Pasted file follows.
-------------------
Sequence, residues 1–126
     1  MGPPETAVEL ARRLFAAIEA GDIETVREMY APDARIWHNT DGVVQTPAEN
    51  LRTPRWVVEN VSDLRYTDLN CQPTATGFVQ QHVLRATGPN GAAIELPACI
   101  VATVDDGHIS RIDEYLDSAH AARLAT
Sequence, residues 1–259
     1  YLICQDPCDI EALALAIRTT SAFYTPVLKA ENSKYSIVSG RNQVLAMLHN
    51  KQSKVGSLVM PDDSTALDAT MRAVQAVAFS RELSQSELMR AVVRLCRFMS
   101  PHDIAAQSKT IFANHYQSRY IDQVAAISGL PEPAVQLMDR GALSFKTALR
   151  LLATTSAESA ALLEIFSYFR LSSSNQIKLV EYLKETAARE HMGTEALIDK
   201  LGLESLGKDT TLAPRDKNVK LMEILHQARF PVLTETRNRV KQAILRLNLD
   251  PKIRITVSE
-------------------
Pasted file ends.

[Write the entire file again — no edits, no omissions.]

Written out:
Sequence, residues 1–126
     1  MGPPETAVEL ARRLFAAIEA GDIETVREMY APDARIWHNT DGVVQTPAEN
    51  LRTPRWVVEN VSDLRYTDLN CQPTATGFVQ QHVLRATGPN GAAIELPACI
   101  VATVDDGHIS RIDEYLDSAH AARLAT
Sequence, residues 1–259
     1  YLICQDPCDI EALALAIRTT SAFYTPVLKA ENSKYSIVSG RNQVLAMLHN
    51  KQSKVGSLVM PDDSTALDAT MRAVQAVAFS RELSQSELMR AVVRLCRFMS
   101  PHDIAAQSKT IFANHYQSRY IDQVAAISGL PEPAVQLMDR GALSFKTALR
   151  LLATTSAESA ALLEIFSYFR LSSSNQIKLV EYLKETAARE HMGTEALIDK
   201  LGLESLGKDT TLAPRDKNVK LMEILHQARF PVLTETRNRV KQAILRLNLD
   251  PKIRITVSE